Access to an inclusive quality education is a universal human right. When the inherent right to a good education is ignored or denied, the consequences are severe. For a girl in country of conflict or forced displacement, the impact is brutally multiplied.
Power is an intriguing concept and it means different things to different people. In simple words, power is the ability to influence the behavior of others to get what you want. Power distribution is usually visible in most societies when there is a clear and obvious division between the roles of the men and expectations from women. One can’t talk about power without talking about patriarchy - in which men always hold the power and women are largely excluded from it. Women are almost always taught power and ambition are two dirty words, and should not be linked to their personalities.
Today is International Women’s Day (IWD), and the theme for this year’s celebration is "Women in leadership: Achieving an equal future in a COVID-19 world."
We recognize the tremendous contribution and leadership demonstrated by women and girls around the world in shaping our recovery from the COVID-19 pandemic and a more sustainable future.
The theme for International Women’s Day 2021, ‘Women in Leadership: Achieving an Equal Future in the COVID-19 World,’ is grounded in the reality that this women’s day is unlike any other.
In times of crisis, policymakers have a tendency to prioritize economic recovery while leaving “social issues” like women’s empowerment on the backburner. During the COVID-19 pandemic, however, women’s leadership is as essential to full and meaningful recovery as it is to basic human rights. As the world mobilizes to design and build a post-COVID landscape, women’s rights, interests and priorities must not only be included in international recovery agendas but pushed to the forefront. To achieve this, women themselves must not simply be included in the discussion, but equitably represented in leadership roles.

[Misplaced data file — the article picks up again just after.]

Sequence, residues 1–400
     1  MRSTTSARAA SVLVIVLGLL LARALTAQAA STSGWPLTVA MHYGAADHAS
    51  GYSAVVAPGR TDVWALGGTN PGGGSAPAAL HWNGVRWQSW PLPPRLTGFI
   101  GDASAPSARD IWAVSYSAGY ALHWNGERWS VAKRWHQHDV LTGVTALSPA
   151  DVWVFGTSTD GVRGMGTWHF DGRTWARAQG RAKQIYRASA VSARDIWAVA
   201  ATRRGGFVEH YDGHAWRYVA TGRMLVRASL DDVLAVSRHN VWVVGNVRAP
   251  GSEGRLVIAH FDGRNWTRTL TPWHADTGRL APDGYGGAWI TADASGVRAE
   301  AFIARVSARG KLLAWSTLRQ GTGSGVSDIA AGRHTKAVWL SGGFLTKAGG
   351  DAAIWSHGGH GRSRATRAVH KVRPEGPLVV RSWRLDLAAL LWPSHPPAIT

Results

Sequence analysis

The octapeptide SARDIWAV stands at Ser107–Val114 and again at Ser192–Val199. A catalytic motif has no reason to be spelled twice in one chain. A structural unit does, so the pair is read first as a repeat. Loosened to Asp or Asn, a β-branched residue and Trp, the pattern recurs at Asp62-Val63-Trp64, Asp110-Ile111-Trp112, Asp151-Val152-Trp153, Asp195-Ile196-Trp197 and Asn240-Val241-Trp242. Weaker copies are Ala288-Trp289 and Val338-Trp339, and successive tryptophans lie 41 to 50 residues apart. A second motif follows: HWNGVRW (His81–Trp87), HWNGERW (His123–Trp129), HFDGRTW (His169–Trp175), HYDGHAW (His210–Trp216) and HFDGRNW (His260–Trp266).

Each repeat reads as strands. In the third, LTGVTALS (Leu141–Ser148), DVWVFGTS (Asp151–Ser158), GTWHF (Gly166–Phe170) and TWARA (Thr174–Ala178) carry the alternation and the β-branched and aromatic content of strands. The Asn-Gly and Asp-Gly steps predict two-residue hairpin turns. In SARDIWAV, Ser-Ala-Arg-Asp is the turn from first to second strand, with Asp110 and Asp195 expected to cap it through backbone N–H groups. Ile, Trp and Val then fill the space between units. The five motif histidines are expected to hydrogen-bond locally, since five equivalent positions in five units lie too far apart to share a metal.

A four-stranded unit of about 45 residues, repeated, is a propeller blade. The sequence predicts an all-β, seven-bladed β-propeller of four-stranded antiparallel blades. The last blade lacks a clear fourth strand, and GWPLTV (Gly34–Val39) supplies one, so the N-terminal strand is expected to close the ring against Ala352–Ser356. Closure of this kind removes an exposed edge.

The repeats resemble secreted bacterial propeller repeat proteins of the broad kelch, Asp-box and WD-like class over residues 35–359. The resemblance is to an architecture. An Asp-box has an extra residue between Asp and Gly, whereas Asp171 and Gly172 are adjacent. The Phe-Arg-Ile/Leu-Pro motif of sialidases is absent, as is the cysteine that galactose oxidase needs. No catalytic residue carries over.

The COVID-19 pandemic is arguably one of the biggest disruptors to modern day life as we know it. The economic and social disruption caused by the pandemic is devastating; millions of people have lost their lives, tens of millions of people are at risk of falling into extreme poverty and nearly half of the global work force is at risk of losing their livelihoods. Africa is facing its first economic recession in 25 years due to the impact of the pandemic.
“A girl should be two things: Who and what she wants.” – Coco Chanel
Women of the world want and deserve an equal future...a future that’s sustainable, peaceful, with equal rights and opportunities for all.